Another option is to use insecticidal soap. This is more readily available so you may be able to find it at your local Walmart or other big box store. There are two kinds of insecticidal soap you can find: with only soap made with potassium salts, and with both soap and pyrethrins.
The potassium salt soap component will behave similar to dish soap, but also help degrade the protective outer skin of the aphids so they dehydrate faster and die. Pyrethrins are organic compounds derived from chrysanthemum flowers which kill a wide variety of insects. It kills fast, but also breaks down very quickly, so you will need to reapply every few days.
If you use insecticidal soap with pyrethrins, either avoid spraying on the flowers or spray in the evenings because pyrethrins can kill pollinators such as bees as well as pests.
Again, with any sprays, like neem oil or insecticidal soap, it’s a good idea to test spray a few leaves or part of your plants first and check back after a few days to see how well your pepper plants tolerate it.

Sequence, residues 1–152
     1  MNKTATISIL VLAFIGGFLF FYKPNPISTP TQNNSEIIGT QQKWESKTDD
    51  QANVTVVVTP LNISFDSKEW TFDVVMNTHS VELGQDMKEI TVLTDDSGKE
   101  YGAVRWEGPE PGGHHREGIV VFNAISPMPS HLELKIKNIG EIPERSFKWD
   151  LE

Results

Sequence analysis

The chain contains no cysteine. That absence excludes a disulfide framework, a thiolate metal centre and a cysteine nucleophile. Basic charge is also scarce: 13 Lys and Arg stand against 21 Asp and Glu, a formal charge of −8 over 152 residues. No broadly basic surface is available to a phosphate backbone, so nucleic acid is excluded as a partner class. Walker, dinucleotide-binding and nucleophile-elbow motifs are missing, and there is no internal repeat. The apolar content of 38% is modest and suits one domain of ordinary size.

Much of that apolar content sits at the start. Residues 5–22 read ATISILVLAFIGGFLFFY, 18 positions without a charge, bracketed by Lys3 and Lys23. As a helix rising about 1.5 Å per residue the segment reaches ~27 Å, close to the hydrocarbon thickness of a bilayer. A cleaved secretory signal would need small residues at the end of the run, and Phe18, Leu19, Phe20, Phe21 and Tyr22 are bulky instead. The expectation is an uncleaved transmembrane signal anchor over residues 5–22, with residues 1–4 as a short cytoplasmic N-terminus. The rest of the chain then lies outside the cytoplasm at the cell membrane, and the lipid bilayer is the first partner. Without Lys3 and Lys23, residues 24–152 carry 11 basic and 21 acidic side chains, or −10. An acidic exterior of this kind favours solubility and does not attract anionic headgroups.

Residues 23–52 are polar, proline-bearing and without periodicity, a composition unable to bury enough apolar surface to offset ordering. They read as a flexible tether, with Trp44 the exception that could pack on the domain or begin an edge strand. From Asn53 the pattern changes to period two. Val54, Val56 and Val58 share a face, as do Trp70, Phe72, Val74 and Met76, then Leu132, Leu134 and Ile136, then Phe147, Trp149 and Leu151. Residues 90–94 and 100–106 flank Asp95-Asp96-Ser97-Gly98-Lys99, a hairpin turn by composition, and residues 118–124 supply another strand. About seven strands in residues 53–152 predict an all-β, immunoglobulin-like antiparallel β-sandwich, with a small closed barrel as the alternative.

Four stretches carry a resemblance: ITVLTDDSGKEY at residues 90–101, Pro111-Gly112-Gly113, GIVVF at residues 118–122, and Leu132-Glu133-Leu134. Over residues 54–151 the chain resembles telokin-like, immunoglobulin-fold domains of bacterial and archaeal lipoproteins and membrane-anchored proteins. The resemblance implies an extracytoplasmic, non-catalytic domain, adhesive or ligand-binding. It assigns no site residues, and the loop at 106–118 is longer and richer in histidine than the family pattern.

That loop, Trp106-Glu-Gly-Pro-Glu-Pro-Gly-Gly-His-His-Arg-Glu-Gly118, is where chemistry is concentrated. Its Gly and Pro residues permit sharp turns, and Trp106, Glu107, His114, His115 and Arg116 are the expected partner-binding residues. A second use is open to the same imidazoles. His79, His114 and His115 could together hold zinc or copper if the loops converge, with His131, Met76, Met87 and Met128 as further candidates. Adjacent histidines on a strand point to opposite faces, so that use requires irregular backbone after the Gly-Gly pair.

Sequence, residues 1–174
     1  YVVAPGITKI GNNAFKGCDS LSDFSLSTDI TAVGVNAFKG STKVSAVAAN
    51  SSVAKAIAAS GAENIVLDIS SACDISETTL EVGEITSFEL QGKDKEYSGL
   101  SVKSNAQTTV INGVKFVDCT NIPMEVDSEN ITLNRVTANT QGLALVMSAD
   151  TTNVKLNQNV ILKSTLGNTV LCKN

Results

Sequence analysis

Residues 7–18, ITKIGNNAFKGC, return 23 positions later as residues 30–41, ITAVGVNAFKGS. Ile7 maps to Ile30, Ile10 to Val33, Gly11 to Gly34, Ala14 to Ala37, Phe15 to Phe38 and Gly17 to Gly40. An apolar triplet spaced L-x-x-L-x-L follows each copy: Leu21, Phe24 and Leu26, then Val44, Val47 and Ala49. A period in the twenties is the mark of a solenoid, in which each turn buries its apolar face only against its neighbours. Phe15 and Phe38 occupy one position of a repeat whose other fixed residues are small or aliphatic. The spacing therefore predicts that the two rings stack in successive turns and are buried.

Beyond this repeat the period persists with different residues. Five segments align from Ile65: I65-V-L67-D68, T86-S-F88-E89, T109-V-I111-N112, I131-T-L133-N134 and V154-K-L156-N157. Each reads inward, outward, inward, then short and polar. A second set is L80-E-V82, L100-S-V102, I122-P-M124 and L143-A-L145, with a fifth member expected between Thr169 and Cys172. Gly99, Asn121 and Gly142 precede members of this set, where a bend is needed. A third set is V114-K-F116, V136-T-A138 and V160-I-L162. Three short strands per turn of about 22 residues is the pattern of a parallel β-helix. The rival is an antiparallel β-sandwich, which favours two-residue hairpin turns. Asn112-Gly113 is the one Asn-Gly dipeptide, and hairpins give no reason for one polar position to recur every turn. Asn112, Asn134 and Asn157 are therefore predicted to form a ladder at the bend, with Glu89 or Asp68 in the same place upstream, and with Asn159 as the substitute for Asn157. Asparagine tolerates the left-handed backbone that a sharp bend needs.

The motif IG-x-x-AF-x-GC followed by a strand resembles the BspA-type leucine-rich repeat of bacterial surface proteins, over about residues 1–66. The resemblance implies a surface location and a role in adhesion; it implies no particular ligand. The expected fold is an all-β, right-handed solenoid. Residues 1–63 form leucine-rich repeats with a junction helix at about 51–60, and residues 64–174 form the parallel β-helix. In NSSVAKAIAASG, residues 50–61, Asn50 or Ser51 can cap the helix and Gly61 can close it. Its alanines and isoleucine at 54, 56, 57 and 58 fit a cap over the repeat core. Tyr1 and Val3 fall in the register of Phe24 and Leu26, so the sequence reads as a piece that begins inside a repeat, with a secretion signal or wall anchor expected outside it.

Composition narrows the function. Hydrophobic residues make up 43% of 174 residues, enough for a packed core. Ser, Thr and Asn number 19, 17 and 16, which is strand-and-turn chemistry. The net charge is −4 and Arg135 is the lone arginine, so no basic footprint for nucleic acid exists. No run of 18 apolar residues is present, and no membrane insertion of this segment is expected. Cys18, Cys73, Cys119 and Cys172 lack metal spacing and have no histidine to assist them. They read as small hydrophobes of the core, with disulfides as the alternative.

Control Aphids with Natural Predators
One approach to pest management is by allowing nature to do the work for you. Aphids, being plump, soft-bodied, bite-sized insects with bellies full of sap, are basically a delicacy for predatory insects.
Ladybugs are the most common type of predator of aphids, and you can actually buy them at nurseries, garden centers, and also online (including Amazon). Simply release them in your garden and they will do the work for you. Note that ladybugs will only stick around if there are aphids, so if you are using ladybugs to prevent aphids, they’ll just end up flying somewhere else where the food is.
There are tons of other general predators that eat aphids such as lacewings, hover flies, and various wasps, including parasitic wasps which lay their eggs inside the aphids for their larvae to eat from the inside.
Parasitic wasps don’t actually eat the aphids themselves, so you can attract them by having plenty of flowers in your garden. Marigolds and various flowering herbs like thyme, rosemary, dill, lavender, and fennel can help attract these helpful wasps as well as other beneficial pollinators.